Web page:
I should have known what was coming when my mom passed the space very slowly, as she always does, checking for a permit. (Apparently, someone made her the permit police.) There wasn’t one. Not hanging off the rear view mirror, not on the license plate. She learned to check the plate after barking at some woman who barked right back, “Check the license tag before you go getting all high and mighty with me!”

So, this SUV without a permit is parked in the handicapped spot at our hair salon. Mom leaves me on the sidewalk and walks right in the realty office in front.

Oh Lord. Here we go. Inside, I see her pointing to me. She’s having words with some guy at a desk. Oh brother. They’re coming outside, his keys in hand.

“There was nobody here,” he says, like that makes a difference.

“We’re here now,” Mom says.

“Sorry,” the man huffs. He isn’t. He can’t believe this woman marched right in to his office to make him move. The guy’s a jerk. I’m embarrassed, but a little proud too.

I’m reminded of the Seinfeld episode where an angry mob destroys Mr. Costanza’s car cause George and the gang park in a handicapped spot.

But these aren’t the offenders I’m worried about — the people without permits. Society backs me up on that one. It’s generally frowned upon and most people I know would never take a handicapped spot without permission. What I’m concerned about is the number of people with permits that park there and don’t need them.

We all know that doctors give these things out like prescription drugs. Anyone who ever twisted an ankle and got two years worth of front row parking can attest to that.

Last week, I was out walking Frankie by the handicapped access to the beach. A guy was parked in the handicapped spot waxing his surfboard that was hanging out of his truck. He cheerfully said good morning to me as I passed by in my wheelchair. He didn’t even look guilty. Now, unless he’s some kind of “Soul Surfer,” (and he didn’t appear to be, he had all his limbs) then I object.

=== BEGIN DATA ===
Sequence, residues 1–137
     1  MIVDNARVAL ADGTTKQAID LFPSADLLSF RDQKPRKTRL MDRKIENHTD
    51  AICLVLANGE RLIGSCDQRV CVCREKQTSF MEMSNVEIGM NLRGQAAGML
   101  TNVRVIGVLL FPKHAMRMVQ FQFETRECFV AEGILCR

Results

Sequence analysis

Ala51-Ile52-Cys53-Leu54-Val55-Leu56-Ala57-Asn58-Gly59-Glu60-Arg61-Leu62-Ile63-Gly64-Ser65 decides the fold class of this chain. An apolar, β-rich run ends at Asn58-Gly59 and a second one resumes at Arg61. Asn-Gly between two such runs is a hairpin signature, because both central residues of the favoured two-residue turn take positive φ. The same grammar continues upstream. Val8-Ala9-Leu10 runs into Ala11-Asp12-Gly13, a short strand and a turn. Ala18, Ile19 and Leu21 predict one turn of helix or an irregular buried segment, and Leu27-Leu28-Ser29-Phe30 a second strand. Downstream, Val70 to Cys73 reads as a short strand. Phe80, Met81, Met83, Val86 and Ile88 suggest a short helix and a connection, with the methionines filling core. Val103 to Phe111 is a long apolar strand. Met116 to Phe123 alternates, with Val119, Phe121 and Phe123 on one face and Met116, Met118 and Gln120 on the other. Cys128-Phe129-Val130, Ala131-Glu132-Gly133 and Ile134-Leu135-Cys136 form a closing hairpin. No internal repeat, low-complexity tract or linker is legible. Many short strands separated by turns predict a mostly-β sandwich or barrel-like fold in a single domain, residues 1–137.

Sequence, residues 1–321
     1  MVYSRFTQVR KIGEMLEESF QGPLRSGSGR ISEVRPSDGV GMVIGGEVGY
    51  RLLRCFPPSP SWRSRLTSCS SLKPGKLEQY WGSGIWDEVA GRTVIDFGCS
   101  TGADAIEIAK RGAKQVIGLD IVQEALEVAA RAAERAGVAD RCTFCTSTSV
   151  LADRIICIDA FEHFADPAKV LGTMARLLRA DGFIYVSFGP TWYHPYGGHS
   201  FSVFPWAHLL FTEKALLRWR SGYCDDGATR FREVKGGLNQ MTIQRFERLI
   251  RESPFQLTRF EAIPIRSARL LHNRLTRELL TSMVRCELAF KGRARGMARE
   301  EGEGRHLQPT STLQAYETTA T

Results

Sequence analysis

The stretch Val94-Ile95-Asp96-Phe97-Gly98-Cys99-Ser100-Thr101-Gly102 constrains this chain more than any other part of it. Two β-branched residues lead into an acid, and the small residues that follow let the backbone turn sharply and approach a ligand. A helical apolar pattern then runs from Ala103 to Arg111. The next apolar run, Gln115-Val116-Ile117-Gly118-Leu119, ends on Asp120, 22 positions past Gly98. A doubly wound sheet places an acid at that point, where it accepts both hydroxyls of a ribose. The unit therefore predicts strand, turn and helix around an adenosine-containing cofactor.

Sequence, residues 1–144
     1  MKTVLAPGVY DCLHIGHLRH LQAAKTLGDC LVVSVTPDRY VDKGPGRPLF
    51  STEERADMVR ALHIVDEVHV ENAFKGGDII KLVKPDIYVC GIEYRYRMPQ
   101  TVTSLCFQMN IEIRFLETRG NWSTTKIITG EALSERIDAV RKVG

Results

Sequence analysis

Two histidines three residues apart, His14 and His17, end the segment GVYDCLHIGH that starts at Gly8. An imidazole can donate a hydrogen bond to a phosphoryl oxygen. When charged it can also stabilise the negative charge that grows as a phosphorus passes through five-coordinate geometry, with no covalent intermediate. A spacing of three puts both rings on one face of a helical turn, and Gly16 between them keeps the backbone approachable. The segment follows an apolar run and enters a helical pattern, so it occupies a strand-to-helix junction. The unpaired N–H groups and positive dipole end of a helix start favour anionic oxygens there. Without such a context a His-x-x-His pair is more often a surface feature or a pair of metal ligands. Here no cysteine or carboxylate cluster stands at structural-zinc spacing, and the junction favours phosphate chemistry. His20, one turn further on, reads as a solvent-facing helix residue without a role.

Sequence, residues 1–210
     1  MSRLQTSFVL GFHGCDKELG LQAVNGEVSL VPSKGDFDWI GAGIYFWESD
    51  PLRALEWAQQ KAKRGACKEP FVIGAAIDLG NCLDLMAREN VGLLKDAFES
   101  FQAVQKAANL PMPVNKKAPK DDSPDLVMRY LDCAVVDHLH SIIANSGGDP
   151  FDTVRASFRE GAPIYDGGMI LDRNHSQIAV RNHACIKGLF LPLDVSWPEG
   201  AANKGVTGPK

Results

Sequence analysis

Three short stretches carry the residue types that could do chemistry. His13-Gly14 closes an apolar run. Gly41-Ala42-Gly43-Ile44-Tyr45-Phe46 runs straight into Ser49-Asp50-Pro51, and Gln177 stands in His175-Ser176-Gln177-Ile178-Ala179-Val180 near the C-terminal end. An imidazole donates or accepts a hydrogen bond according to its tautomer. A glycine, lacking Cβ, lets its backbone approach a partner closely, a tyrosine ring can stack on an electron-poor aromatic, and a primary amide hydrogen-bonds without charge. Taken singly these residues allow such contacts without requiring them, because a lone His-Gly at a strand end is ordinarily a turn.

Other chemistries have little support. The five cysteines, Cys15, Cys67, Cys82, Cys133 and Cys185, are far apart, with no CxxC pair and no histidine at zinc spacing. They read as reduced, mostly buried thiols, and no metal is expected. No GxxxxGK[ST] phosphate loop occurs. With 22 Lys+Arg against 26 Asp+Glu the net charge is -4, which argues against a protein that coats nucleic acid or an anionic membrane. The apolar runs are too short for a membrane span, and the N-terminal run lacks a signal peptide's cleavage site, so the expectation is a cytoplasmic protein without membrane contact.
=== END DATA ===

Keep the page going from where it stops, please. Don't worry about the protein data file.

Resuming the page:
The problem is that some people don’t see the problem. It’s not enough in my book to have the permit. You should need it too. Doing errands for the disabled person? Great! Is he or she going in? If not, leave the space for someone who needs it.

Some folks think they’re safe from a ticket if they have the permit. Wrong. According to the Florida Department of Motor Vehicles, anyone who uses a permit that does not belong to them can receive a $1,000 fine or up to six months in jail.

In Seinfeld, Kramer talks George into taking the space. “Oh, come on. Handicapped people don’t drive! Have you ever seen a handicapped person pull into a space and park? Those spaces are always empty!”

Those spaces are usually empty. But we’re out there. Some of us drive and some don’t. But we all ride. And occasionally, may even want to go in.